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Coming together after the disastrous years of the hungry 1840s, the Christian Socialists opposed what they saw as the rapacity of free markets that reduced labour to wage slavery and intractable poverty. Their Christianity led them to promote cooperation rather than competition, which is what they meant by socialism (they did not mean common ownership of property). Cooperative workshops would restore workers’ dignity, increase their rewards and make them self-reliant. Octavia absorbed and never forgot the Christian Socialist message. As a teenager Octavia also met John Ruskin, the famous art critic and associate of the Christian Socialists. He agreed to teach her to be an illustrator. She began reading each volume of his monumental Modern Painters as it appeared, sometimes borrowing a copy from Ruskin himself. By her late teens Octavia had decided on her life’s work: she would improve the lives of the very poor, help them to self-reliance, and bring beauty into their lives.


H eritage H eroes

In 1864 Ruskin’s father died, leaving him a large fortune. Octavia saw her opportunity. She persuaded Ruskin to buy three ten-room houses in a wretched inner-London slum. She planned to repair them, make them clean and sanitary, and manage the tenants personally. Ruskin imposed one condition: he must realise five per cent on his investment. That meant a strict enforcement of rent deadlines – pay or be evicted. This regime suited Octavia – so well in fact that by the end of the century she managed hundreds of houses with thousands of tenants. A good return on investment meant she could add amenities to the tenements hitherto unheard of: good laundries, gardens, playgrounds for the children, entertainments for the adults, trips into the country for everyone. ‘The poor of London need joy and beauty in their lives’, she wrote. They had a right to ‘the privilege of space, and light, and air, and beauty’. Octavia soon extended her campaign for space and beauty outside her tenements. She agitated for the preservation of small open spaces in inner cities. Graveyards were ideal for her purpose, she realised: they were, she wrote, ‘capable of being made into beautiful out-door sittingrooms’. She set about transforming as many as she could. The next step in her campaign for space, light and beauty for the poor extended outside cities. She became active in the Commons Preservation Society. She thought of it as work for future generations.

TOP TO BOTTOM

Illustration from a 1927 edition of Charles Kingsley’s The Water-babies, the story of an illiterate, unwashed and ungodly chimney-sweep. Red Cross Cottages, Southwark, in 1913, an example of Octavia Hill’s combination of good housing and open space. The garden at Red Cross Cottages today. The blue plaque on the wall of the hall commemorates Octavia Hill. Hand-tinted view of Derwent Water from Friar’s Crag, Lake District National Park, c.1900. The view entranced five-year-old John Ruskin. A century later Friar’s Crag was bought for the National Trust by crowdfunding in memory of Hardwicke Rawnsley. Images: Creative Commons and public domain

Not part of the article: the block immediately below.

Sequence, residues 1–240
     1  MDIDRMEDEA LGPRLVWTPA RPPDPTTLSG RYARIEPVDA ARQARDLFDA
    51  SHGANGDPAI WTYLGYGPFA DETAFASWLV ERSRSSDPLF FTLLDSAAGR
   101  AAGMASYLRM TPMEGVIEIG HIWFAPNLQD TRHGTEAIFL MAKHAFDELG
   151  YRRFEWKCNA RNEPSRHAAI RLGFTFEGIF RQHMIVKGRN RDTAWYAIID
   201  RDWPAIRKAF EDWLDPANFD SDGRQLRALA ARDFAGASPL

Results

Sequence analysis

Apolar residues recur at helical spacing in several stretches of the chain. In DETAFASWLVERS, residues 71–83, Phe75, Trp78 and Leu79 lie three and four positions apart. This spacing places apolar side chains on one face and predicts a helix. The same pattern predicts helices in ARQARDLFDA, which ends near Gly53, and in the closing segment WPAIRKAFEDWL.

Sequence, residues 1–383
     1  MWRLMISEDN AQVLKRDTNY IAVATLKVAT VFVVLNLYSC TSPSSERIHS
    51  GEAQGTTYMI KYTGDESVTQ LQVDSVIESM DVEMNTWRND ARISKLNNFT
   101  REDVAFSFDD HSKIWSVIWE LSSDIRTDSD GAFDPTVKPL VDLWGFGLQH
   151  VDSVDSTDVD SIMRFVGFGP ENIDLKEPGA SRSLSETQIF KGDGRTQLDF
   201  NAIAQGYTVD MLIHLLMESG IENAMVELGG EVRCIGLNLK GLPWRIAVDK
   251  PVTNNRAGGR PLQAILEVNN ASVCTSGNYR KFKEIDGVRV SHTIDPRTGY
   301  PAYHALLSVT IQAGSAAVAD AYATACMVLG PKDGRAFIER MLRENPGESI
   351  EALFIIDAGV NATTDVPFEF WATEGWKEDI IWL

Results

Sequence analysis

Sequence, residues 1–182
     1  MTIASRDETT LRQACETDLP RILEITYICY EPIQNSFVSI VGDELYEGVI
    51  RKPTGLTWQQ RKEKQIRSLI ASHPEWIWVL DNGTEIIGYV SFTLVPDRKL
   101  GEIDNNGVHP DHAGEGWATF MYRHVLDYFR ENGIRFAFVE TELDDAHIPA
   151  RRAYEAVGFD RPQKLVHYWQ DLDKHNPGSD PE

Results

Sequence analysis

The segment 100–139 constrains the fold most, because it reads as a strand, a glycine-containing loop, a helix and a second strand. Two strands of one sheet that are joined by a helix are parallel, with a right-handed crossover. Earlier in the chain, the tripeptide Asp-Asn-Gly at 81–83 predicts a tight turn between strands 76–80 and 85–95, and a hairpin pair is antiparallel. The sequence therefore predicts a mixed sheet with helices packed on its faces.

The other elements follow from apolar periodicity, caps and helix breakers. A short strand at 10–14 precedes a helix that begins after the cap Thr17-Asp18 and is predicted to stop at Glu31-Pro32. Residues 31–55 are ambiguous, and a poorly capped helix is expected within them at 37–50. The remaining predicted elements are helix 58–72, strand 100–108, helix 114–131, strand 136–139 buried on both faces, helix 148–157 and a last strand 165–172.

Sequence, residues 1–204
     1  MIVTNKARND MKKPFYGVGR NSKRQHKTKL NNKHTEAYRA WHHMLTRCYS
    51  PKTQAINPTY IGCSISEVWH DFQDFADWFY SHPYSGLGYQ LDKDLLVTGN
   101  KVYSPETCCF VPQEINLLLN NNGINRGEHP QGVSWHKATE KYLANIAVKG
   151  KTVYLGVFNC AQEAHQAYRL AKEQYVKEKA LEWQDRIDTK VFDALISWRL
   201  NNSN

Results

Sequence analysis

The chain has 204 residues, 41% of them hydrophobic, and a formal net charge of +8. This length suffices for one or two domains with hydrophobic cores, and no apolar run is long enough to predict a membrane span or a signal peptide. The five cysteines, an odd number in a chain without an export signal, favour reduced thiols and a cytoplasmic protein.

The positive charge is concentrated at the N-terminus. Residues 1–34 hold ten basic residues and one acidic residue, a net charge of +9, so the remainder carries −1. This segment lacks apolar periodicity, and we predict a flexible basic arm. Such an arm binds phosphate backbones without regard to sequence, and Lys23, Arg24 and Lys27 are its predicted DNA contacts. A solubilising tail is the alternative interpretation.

‘Keep these fair, far, still places for your children, and your children’s children, if you can’, she urged. Their preservation for all time ‘will give a share in his country to be inherited by the poorest citizen’. In the late 1870s the Reverend Hardwicke Rawnsley took up his Anglican ministry in the Lake District. He soon became alarmed by plans to push a slate railway from quarries above Buttermere through the lovely valleys of Newlands and Ennerdale. He enlisted the support of Octavia, whom he knew through Ruskin, and Sir Robert Hunter, the solicitor of the Commons Preservation Society, to oppose the railway. They won. But the three knew the threats to precious open spaces would continue. In 1893 they met to form the National Trust for Places of Historic Interest and Natural Beauty. The Trust then set about acquiring large tracts of countryside in the Lake District and the west country. An idea was born and quickly flourished. Octavia Hill acted not out of reverence for the mansions and estates of the rich and famous, but because she wanted to improve the lives of the very poorest and enrich the future for their children. ‘I believe (thank God!)’, she said, ‘more in nobodies than in “somebodies”’. It was for her nobodies that she helped found the National Trust.